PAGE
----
23 February 2015
The Kirstenbosch National Botanical Garden in Cape Town attracted more than one million visitors in 2014.
“The milestone achieved by Kirstenbosch is a tribute to the hard work and vision of the South African National Biodiversity Institute (SANBI),” Tourism Minister Derek Hanekom said 19 February, in announcing the visitor numbers.
Attaining this historic milestone had secured Kirstenbosch’s status as one of the most important tourist attractions in South Africa. Hanekom said South Africa’s conservation and biodiversity assets depended on tourism for its survival.
“The tourism footprint in conservation areas and botanical gardens generates the income to support the sustainability of these assets.”
SANParks – South African National Parks – generated 85% of its operational costs through tourism revenue, while less than 1% of the Kruger National Park’s two million hectares was dedicated to tourism infrastructure.
The income generated from tourism enabled SANParks, which manages the country’s wildlife reserves, to maintain its reputation as a world leader in the management of protected areas. “The success of tourism underpins the sustainability of our conservation efforts,” Hanekom said.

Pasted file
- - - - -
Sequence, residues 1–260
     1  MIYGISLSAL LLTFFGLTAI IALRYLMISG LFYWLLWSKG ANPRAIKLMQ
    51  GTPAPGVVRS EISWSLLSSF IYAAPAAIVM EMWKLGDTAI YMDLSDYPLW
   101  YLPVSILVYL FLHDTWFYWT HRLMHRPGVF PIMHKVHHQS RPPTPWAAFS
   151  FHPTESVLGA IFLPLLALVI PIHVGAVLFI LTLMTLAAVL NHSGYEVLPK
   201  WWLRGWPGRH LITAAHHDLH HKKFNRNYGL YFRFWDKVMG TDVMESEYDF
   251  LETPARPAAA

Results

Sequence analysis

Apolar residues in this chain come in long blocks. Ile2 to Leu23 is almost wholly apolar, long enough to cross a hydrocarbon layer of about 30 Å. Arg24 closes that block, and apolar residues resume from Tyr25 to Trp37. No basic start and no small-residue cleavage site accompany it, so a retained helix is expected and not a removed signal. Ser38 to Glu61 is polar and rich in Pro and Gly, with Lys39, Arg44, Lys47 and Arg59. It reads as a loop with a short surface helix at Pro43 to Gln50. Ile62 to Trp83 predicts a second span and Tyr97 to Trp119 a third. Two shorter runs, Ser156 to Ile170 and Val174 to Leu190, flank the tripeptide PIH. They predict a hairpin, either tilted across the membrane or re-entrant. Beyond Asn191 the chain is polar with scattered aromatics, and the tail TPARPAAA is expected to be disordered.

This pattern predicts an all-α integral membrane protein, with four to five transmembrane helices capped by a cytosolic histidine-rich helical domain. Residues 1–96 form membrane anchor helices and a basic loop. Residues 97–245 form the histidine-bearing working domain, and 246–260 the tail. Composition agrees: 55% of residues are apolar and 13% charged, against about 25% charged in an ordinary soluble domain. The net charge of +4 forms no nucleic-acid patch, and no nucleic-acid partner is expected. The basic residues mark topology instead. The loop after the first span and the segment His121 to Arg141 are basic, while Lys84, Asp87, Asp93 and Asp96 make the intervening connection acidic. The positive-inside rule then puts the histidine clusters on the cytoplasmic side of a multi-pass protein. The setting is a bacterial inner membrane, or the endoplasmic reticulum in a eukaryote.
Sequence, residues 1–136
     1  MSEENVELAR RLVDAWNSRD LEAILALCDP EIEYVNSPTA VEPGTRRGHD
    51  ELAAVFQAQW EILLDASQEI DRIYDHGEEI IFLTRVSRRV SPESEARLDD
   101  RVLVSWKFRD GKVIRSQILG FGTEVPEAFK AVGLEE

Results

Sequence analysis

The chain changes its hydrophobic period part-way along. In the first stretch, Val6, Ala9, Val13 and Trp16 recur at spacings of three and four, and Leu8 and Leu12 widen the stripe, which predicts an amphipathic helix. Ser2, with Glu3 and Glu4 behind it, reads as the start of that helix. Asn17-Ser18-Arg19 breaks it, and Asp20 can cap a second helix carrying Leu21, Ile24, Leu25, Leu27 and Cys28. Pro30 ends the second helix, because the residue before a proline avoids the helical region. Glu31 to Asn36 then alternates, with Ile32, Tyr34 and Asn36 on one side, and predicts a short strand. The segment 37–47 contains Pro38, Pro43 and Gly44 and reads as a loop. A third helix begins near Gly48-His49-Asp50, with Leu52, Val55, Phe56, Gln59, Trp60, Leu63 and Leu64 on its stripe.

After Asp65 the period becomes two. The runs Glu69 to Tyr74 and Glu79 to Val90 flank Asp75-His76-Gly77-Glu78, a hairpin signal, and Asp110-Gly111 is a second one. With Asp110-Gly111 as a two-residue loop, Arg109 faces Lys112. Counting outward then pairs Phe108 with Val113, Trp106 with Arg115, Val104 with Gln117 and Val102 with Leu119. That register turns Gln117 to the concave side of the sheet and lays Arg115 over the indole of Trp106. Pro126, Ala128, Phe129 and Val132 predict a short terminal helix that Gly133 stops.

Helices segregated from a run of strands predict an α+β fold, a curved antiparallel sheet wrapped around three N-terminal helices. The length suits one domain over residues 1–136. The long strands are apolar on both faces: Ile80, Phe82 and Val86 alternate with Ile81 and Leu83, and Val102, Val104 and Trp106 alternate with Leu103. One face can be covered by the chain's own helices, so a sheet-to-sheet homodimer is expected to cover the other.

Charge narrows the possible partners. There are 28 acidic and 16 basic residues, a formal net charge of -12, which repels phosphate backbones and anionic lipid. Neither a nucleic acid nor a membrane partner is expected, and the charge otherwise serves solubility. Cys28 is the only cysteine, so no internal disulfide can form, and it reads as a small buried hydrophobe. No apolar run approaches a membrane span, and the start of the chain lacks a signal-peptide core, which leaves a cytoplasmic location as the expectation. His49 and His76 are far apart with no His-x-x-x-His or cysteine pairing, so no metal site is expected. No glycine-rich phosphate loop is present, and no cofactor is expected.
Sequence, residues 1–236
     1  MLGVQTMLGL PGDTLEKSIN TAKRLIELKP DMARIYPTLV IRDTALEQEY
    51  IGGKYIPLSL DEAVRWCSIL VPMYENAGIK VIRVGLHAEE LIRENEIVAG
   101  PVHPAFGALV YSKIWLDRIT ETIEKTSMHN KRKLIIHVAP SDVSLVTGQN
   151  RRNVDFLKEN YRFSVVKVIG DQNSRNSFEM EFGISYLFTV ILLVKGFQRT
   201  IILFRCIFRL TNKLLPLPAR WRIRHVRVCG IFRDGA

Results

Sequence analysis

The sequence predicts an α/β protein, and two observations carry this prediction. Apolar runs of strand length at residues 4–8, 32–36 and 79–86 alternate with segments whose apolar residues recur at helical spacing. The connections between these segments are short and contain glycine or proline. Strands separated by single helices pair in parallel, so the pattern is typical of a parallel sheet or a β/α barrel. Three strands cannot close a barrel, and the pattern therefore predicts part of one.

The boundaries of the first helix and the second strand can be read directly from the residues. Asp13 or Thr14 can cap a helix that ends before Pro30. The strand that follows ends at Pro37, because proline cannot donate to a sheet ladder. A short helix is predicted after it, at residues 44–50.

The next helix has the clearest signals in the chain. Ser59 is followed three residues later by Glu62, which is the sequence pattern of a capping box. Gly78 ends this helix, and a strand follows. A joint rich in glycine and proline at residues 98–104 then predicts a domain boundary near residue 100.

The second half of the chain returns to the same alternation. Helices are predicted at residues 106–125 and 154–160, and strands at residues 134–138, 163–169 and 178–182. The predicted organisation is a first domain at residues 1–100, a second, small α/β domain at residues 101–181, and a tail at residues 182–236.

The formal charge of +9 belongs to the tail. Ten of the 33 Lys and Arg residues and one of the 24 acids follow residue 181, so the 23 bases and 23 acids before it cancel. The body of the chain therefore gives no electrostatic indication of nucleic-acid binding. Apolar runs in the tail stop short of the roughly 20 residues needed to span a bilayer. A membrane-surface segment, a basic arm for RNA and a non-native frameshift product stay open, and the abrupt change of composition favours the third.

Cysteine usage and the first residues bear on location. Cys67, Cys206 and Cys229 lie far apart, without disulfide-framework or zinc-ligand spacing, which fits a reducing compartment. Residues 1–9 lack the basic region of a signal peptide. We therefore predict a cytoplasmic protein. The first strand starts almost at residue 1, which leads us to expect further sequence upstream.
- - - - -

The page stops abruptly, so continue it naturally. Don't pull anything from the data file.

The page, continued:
Taleb Rifai, the secretary-general of the World Tourism Organization, a unit of the United Nations (UNWTO), said tourism could be one of the effective tools used for conservation by providing resources for environmental preservation and by raising awareness among millions of people every year of the immense value of the country’s natural heritage and the responsibility to protect it.
SANBI chief executive Dr Tanya Abrahamse said Kirstenbosch was an example how tourism and biodiversity could build a beneficial partnership and contribute to a more sustainable economic model.
“Kirstenbosch is well-known as a ‘must see’ destination when planning a trip to South Africa, so when international tourism experts visit the country it’s no surprise that they would like to visit this iconic spot.”